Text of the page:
3. Siltstone deposition in tectonically undisturbed Pliocene East Canterbury[1]
Geologic time scale: Notable Canterbury Basin geologic events began 145 million years ago, during the Cretaceous Period.[2]

Petroleum Geology

Source Rock

The Canterbury Basin has one main form of hydrocarbon source rock from the Cretaceous period, and another potential source rock from the Paleocene. The main source rock in the Canterbury basin are made up of Cretaceous coal measures. Coal Measures make up a large division of Upper-Carboniferous rocks, and as the name describes, generally produce large amounts of coal. Coal measures are made up of repeating layers of marine and nonmarine strata beds, with the marine layers made of black carbonaceous shales and fossiliferous limestones, and the nonmarine layers composed of nonmarine shales and mudstones. The nonmarine strata makes up the majority of Coal Measures, however the marine strata contains the most productive coal deposits.[4] In the differing layers of Coal Measures there marine fossils which are often shelled creatures in the marine layers, and freshwater plant and animal fossils in nonmarine strata.

The Canterbury Basin's main source rock, Mid-Cretaceous coal measures, are mainly made up of coal and coaly mudstones. These primary coal measures were deposited coastally, along with facies of sandstone and siltstones, some of which contain a small portion of coal measure source rocks. The primary hydrocarbon source in the Canterbury Basin, the mid-Cretaceous source rocks have reached thermal maturity, and can expel hydrocarbons. The rocks are believed to have reached their highest temperatures during the late-Paleocene due to climate warming, and modelled igneous intrusions in particular areas, such by the Clipper sub-basin. The climate warmed further during the Eocene, rising the basin and source rock temperature further. The temperature is modelled to have fallen by the late Eocene through Early Oligocene as a result of cooling climate, water temperature drop, and erosion. Because of models showing these temperature changes and a predicted temperature of >1500 C for source rock below 85 million years old, mid-creataceous source rock should be in the gas window. Late cretaceous source rocks in Western Canterbury are predicted to be in the early oil window mostly, with some in the oil window. [5]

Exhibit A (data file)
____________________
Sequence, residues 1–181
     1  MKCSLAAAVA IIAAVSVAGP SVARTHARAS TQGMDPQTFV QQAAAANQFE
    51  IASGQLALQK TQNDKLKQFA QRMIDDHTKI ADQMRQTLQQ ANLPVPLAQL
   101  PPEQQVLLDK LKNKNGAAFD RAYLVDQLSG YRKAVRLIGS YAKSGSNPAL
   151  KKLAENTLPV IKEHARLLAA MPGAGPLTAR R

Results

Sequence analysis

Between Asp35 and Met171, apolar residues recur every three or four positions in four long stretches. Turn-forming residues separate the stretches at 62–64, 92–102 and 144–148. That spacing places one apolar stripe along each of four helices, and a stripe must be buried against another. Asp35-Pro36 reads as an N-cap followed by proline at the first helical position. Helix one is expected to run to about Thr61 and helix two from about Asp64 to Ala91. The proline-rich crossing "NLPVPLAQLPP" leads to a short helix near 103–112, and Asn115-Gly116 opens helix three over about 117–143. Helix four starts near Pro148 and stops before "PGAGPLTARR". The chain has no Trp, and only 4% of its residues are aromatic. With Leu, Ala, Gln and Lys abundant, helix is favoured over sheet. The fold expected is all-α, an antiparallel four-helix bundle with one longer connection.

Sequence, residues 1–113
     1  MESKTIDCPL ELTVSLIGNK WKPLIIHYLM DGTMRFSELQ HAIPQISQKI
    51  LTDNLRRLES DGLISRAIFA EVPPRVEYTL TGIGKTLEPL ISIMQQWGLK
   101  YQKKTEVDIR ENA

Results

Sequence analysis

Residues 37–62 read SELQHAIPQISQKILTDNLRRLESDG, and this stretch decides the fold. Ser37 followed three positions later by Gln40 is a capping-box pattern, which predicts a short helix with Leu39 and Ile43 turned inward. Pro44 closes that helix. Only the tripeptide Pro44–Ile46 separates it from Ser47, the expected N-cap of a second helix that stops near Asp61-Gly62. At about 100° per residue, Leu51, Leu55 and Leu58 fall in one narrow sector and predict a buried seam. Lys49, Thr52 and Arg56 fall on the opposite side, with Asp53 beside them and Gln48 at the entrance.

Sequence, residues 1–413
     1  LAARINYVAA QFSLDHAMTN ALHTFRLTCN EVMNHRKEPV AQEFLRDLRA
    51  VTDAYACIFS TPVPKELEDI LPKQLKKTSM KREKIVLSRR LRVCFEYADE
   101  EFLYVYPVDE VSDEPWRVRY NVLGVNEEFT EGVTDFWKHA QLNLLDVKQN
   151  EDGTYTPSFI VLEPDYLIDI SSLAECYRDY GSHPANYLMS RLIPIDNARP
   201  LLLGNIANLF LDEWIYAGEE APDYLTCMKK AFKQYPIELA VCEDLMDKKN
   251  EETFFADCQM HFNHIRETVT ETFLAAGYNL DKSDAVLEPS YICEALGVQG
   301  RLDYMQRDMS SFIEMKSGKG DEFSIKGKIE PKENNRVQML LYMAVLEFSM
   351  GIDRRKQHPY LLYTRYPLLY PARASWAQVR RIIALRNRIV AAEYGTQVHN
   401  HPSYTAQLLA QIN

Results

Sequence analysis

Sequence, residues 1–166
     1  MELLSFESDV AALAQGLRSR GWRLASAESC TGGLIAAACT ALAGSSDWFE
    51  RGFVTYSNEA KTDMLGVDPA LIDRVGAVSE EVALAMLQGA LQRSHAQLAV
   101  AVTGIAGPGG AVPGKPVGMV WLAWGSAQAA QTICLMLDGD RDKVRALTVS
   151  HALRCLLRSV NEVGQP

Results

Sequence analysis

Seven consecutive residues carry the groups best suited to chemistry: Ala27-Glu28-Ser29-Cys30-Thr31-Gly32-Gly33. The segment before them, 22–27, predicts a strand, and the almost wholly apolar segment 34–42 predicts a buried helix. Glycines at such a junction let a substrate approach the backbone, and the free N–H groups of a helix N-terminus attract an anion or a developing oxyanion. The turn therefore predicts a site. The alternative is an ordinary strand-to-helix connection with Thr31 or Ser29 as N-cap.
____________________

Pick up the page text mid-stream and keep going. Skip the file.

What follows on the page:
Along with Mid-cretaceous coal measures, the Paleocene Tartan Formation is being considered a potential source rock. The source rock of this formation went through the same temperature changes as the majority of the cretaceous source rock, however it did not have as long to mature, making the majority of this formation unable to generate hydrocarbons. There may be small areas of mature Paleocene source rock below the Neogene foreset progradation, or in areas heated well by igneous intrusions.[5]

Canterbury Petroleum Systems chart depicting the rock components of the basin system, tectonic events, and when they occurred.[6]


Reservoir rocks are an important part of hydrocarbon generation and storage, as these rocks hold organic material that eventually create hydrocarbons. Stratigraphic records of the Canterbury Basin show potential reservoir rocks throughout the region. At the Galleon-1 drill site in the Canterbury Basin, gas condensate was discovered in Cretaceous non-marine and shallow marine sandstone reservoir rock. This reservoir rock is aged from Late Cretaceous to the Miocene and was deposited in fluvial, paralic, shelf, and turbidite depositional environments.[7]


Tectonism before and during the Cretaceous Period allowed for the Canterbury Basin to produce traps to hold reservoir rocks. Most of the reservoir rocks in the basin were deposited during the Late Cretaceous and Micocene, in Cretaceous rifts and rift basins. These rifts allowed for fluvial systems to flourish, and for their sediments to be deposited in the syn-rift basins; these basins filled with over three kilometers of nonmarine rock and sediment in the clipper Sub-basin. The traps of the Canterbury Basin are made through normal faulting or basement drape. [7]